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The Common Sense of Science

London: Heinemann (1951)

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  1. Complexity and the Culture of Curriculum.William E. Doll - 2008 - Educational Philosophy and Theory 40 (1):190–212.
    This paper has two main foci: the history of curriculum design, and implications from the new sciences of chaos and complexity for the development of new forms of curriculum design and teaching implementation. Regarding the first focus, the paper posits that there exist—to use Wittgenstein's phrase—‘family resemblances’ between Peter Ramus’ 16th century curriculum design and that of Ralph Tyler in the 20th century. While this 400‐year linkage is by no means linear, there are overlapping strands from Ramus to Comenius to (...)
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  • The Epistemological Significance of the Theory of Social Representations.Ivana Marková - 2008 - Journal for the Theory of Social Behaviour 38 (4):461-487.
    The theory of social representations must be understood in terms of its proper epistemology so that it can accomplish its full potential in social sciences. This is often difficult to achieve because researchers comprehend it in terms of concepts that are part of static and individualistic Newtonian epistemology rather than in terms of dynamic and relational Einsteinian epistemology. This article considers three signposts that Moscovici identifies and analyses in the theory of relativity, namely the relation between epistemology and science, theory (...)
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  • The Rehabilitation of Common Sense: Social Representations, Science and Cognitive Polyphasia.Sandra Jovchelovitch - 2008 - Journal for the Theory of Social Behaviour 38 (4):431-448.
    In Psychoanalysis, its image and its public Moscovici introduced the theory of social representations and took further the project of rehabilitating common sense. In this paper I examine this project through a consideration of the problem of cognitive polyphasia, and the continuity and discontinuity between different systems of knowing. Focusing on the relations between science and common sense. I ask why, despite considerable evidence to the contrary, the scientific imagination tends to deny its relation to common sense and believe that (...)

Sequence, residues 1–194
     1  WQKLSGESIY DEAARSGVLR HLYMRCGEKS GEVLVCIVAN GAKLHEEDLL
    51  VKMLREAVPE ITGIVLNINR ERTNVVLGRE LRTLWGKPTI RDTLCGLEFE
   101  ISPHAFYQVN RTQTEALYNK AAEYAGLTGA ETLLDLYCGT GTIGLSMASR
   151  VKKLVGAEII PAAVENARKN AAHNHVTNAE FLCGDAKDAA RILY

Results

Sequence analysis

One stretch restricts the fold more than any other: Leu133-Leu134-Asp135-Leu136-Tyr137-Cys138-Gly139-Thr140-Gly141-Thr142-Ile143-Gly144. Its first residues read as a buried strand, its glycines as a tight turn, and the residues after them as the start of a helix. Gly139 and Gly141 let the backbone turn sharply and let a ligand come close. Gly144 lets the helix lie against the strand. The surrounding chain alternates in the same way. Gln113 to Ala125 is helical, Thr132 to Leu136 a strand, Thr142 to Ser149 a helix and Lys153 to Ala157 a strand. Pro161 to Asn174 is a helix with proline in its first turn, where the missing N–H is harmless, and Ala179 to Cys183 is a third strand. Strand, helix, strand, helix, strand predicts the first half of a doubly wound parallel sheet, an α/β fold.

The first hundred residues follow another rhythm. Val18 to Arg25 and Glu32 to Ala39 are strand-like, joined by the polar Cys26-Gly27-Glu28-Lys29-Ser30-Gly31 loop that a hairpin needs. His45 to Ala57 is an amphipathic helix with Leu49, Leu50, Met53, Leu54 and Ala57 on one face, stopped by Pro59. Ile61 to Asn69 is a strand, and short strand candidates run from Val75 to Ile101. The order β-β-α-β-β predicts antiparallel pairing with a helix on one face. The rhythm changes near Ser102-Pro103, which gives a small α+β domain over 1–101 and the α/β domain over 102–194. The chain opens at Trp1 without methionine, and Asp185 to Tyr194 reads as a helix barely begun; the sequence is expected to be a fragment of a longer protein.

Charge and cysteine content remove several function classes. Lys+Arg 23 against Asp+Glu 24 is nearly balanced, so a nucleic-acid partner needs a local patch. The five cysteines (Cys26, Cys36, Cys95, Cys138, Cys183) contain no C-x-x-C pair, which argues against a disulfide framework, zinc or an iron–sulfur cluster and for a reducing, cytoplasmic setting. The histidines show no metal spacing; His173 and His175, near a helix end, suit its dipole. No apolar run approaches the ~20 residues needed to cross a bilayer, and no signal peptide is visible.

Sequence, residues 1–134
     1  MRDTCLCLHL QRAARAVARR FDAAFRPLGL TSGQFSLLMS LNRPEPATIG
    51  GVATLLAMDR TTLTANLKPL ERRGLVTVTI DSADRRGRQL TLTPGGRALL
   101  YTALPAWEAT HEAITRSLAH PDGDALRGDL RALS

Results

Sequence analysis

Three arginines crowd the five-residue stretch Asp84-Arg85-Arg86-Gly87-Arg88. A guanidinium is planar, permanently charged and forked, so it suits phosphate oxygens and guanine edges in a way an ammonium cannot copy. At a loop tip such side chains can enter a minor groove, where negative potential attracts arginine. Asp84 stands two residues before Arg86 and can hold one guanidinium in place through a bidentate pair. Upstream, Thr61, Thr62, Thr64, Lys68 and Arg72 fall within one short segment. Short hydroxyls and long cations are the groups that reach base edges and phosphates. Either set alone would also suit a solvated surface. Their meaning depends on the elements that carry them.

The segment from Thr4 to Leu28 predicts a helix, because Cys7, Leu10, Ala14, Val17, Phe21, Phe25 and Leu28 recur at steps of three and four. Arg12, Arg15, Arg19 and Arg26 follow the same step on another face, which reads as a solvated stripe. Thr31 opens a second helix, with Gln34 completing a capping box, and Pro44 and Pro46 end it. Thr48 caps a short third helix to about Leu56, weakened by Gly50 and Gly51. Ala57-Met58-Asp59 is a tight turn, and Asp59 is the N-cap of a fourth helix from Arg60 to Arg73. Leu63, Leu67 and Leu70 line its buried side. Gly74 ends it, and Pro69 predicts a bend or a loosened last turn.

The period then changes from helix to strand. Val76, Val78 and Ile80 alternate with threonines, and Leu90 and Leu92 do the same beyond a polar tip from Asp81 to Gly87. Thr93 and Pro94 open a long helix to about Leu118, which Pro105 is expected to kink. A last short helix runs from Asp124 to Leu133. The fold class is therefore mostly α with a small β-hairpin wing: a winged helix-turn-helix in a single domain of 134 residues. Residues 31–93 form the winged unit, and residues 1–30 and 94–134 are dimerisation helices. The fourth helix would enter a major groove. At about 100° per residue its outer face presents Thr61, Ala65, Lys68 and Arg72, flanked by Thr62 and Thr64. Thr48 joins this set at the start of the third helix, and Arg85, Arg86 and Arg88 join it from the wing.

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  • Social Representations Theory: A Progressive Research Programme for Social Psychology.Martin W. Bauer & George Gaskell - 2008 - Journal for the Theory of Social Behaviour 38 (4):335-353.
    The study “Psychoanalysis—its image and its public” intimates that common sense is increasingly informed by science. But common sense asserts its autonomy and, in turn, may affect the trajectory of science. This is a process that leads to many differentiations—in common sense, in scientific innovation and in political and regulatory structures. Bauer and Gaskell's toblerone model of triangles of mediation provided a distillation of their reading of “La Psychanalyse.” Here it was argued that representations are multi-modal phenomena necessitating the use (...)
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  • Ambiguous Weighting and Nonsensical Sense: The Problems of “Balance” and “Common Sense” as Commonplace Concepts and Decision-Making Heuristics in Environmental Rhetoric.Derek G. Ross - 2012 - Social Epistemology 26 (1):115-144.
    Balance and common sense are commonplace concepts used to bring an audience to a place of shared understanding. These commonplaces also function as decision-making heuristics. I argue in this paper that the commonplaces ?balance? and ?common sense? are problematic because they suggest decision-making strategies that strip associated information of complexity and value. Through an examination of theory and responses to interviews conducted in relation to an ongoing project on environmental rhetoric, I problematize these concepts and consider how awareness of the (...)
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  • Jefferson's and Madison's Legacy: The Death of the National News Council.Robert A. Logan - 1985 - Journal of Mass Media Ethics 1 (1):68 – 77.
    The history of the National News Council's creation and demise demonstrates that there are well?grounded rationales in social vision between those who supported the concept of the NNC and those who believe its etablishment was ill?founded. This article suggests that the root of the NNC controversy lies in the differences between Madison and Jefferson's perspectives on the place of information in society. Madison and Jefferson's view on press freedom and responsibility may be as important to the debate about the NNC's (...)
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  • Creativity in Science.Ursula W. Goodenough - 1993 - Zygon 28 (3):399-414.
    . Creativity is a concept far more often associated with art than with science. The creative dimension of scientific inquiry and practice is described and compared with its artistic counterpart; similarities and differences are analyzed.
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  • Putting Presuppositions on the Table: Why the Foundations Matter.Paul R. Boehlke, Laurie M. Knapp & Rachel L. Kolander - 2006 - Zygon 41 (2):415-426.